Lean Startup Principles – Validate the Problem Statement
Remember when I said that most companies waste money on mobile and that their smart presence makes them look dumber than when they started? Remember how I said that the Lean Canvas can be used for product roadmap and feature prioritization?
Let’s dig in to how I’m doing that with Emphatic, the mobile app for sharing physical books with your virtual society.
Now that we have a heartfelt product backstory, let’s build the business model. You may recall that I encourage the Lean Canvas. It can be done quickly enough that you can think through multiple possibilities for what the right “Plan A” business model before you start investing time and energy in developing your product.
Lean Canvas Step #1 – Identify Top 3 Problems
“Validating the pain” means two things:
- The pain is significant enough that people would pay you for a better way to alleviate it.
- The pain is shared by enough people that focusing a product on that pain will result in a viable business model.
In other words – “Do I have a problem that is worth solving?”
Brainstorming for Emphatic
Here is the long-winded brainstorming version of the problems.
Problem 1 – As a father, time to myself when I can read is limited. When I wanted to Tweet a quote from a physical book or make a quick virtual note about my thoughts so I’d have it later, the process was distracting from the experience of reading the book. With limited time to read and limited time to write, the inefficiency and ineffectiveness of trying to do both at the same time was extremely frustrating.
Problem 2 – Keeping track of my thoughts and insights is hard short-term and nearly impossible long-term. I love “book pairing” – I gain more from reading two or more books with topics distinct enough that the synergy between them is worth more than reading the one book alone. As an example, reading Austin Kleon’s Show Your Work! at the same time as Eric Ries’s The Lean Startup gave me two fairly different but complementary perspectives on choosing what to create (as an artist or writer or worker) and making sure you’re creating something worth the time you spend. Of course, he drawback if you want to properly attribute/cite your sources (and you should), is that it becomes even harder to keep track of the insights you gain and which author and book should be credited. As I shared in the Product Backstory, this is challenging enough when I’m writing a short blog post a few days after reading two or more books. When writing a 30 page thesis with dozens of sources that were found over a 6 month period, this went from challenging to “maybe I should just find some new books instead”.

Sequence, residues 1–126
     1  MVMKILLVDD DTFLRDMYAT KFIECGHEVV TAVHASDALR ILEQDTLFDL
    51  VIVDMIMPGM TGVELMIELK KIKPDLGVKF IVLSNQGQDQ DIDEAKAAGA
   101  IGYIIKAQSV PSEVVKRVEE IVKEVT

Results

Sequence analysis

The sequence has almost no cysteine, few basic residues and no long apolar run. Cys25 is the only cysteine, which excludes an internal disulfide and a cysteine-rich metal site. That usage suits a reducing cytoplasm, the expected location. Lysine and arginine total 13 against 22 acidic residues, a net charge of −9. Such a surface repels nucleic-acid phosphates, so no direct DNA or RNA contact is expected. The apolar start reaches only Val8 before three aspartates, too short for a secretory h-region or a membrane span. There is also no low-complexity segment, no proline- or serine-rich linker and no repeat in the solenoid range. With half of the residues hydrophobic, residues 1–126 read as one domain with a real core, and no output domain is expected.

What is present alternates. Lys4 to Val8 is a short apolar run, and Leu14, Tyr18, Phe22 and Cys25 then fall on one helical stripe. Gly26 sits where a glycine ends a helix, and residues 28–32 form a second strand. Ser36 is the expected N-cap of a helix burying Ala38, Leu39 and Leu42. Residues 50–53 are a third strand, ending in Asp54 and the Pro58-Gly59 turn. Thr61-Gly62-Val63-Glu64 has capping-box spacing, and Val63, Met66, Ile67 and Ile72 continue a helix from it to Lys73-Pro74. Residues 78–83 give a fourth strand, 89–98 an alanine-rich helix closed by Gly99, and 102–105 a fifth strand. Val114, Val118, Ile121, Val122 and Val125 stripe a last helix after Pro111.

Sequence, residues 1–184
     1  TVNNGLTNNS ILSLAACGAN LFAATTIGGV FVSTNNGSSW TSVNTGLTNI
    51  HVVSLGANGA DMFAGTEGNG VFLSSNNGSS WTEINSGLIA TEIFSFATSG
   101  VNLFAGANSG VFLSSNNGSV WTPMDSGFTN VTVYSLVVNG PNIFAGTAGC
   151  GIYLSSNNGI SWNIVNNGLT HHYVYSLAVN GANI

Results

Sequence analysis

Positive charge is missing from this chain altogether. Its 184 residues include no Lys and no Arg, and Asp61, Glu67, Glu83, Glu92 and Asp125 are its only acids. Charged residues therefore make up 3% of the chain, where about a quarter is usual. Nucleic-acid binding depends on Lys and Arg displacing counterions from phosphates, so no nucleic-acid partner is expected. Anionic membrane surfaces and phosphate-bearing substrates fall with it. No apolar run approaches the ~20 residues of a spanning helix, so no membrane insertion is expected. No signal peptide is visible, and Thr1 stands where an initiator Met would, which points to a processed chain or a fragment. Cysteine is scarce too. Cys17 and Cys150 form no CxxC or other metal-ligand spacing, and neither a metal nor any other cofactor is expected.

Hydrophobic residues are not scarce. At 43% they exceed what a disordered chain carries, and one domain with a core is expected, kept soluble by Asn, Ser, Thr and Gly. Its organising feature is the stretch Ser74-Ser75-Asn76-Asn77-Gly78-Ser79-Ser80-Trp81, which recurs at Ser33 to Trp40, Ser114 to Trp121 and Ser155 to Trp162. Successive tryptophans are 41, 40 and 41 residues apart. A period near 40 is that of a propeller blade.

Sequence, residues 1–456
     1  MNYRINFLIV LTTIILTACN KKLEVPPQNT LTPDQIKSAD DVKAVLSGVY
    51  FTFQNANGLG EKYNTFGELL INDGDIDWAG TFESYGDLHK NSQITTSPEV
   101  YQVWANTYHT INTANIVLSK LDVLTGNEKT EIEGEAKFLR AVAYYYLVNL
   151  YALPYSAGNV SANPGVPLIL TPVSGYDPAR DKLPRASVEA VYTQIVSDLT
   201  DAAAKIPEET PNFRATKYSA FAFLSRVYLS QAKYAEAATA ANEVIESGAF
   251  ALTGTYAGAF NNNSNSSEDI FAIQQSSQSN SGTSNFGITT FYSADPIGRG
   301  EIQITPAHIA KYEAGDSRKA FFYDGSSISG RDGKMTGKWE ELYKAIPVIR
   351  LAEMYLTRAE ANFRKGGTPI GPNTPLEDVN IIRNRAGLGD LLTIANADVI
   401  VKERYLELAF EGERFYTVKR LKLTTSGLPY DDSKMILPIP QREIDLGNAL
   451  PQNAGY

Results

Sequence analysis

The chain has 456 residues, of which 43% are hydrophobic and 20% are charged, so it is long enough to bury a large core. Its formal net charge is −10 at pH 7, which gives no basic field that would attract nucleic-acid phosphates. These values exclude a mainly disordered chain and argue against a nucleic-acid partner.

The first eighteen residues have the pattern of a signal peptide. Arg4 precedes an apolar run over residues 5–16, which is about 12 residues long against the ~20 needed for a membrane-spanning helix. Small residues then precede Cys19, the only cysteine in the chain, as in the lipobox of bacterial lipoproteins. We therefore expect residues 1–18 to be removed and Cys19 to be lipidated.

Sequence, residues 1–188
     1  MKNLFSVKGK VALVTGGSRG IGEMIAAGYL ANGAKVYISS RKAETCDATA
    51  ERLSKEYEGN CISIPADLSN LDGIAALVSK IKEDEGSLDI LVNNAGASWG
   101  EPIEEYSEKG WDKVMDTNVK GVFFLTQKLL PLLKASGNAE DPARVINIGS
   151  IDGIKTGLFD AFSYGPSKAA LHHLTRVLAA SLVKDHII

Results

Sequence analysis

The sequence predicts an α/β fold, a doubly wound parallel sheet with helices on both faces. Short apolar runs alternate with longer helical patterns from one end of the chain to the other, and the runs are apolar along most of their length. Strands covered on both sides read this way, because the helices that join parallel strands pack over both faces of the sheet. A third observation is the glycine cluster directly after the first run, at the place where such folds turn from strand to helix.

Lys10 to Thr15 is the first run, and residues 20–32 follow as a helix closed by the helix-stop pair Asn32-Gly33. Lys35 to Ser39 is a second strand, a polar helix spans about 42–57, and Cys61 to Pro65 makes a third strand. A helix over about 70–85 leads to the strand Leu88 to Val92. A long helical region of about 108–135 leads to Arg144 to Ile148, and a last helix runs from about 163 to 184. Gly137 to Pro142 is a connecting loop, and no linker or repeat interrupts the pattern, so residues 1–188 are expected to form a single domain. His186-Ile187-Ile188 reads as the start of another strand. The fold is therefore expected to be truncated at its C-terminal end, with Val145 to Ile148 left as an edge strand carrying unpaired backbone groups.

Problem 3 – Speaking of research papers, the tougher concept to grasp in high school about bibliographies and citations wasn’t the format in which to provide the information (that just takes practice and a handy set of examples). The painful part was the grey area between researching as a group with your classmates versus “cheating” – too many shared sources looked like you didn’t do your own homework, even though learning and researching as a pair is far more effective than doing it alone. The flip side of that is the grey area between what you need to cite in the first place – when I combine my philosophy and MBA background with Austin Kleon and Ash Maurya to produce an idea that is fairly unique to me – what do attribute I and when? It takes so much time to properly cite things in double-spaced New Times Roman MLA format that I went ahead and restricted the number of sources to compensate – hardly what my teacher intended!
Get Succinct – Add the Problems to the Lean Canvas
If I was teaching you this in a workshop, I’d get you boil down each problem statement enough that you could write it with a Sharpie and fit it on a Post-It note. Us workshop peeps do this for two reasons – the rest of the room needs to be able to see it from wherever they are sitting and you need to be succinct. Thus, the long version up top represents the conversations and musings I’ve had about this so far (like I’d facilitate in a workshop) while below I’ll summarize them.
As Ash Maurya describes in Running Lean, knowing the pains that Plan A will address is important, but its the ability to validate the business plan as a whole – in this case, by sharing the completed Lean Canvas with friends, mentors, or potential customers – that is the real point. If you can’t explain to a potential customer what pain you can solve for them in under a minute, they probably won’t care about the business model you’re building around their pains.
So here are the Post-It size problem statements:
Problem 1 – Frustration capturing quotes and notes
Problem 2 – Difficulty keeping track of insights
Problem 3 – Grey areas when citing sources
Validate the Problem!
Remember how the title of the post is “How to Validate the Problem Statement”? You have to go talk to people! I’m going to head over to the library and ask people who look like they love books about these pains.
If you can empathize with these pains, you’re potentially my target customer! If you’d like to help me solve this pain we share as an early adopter, sign up for the email list here.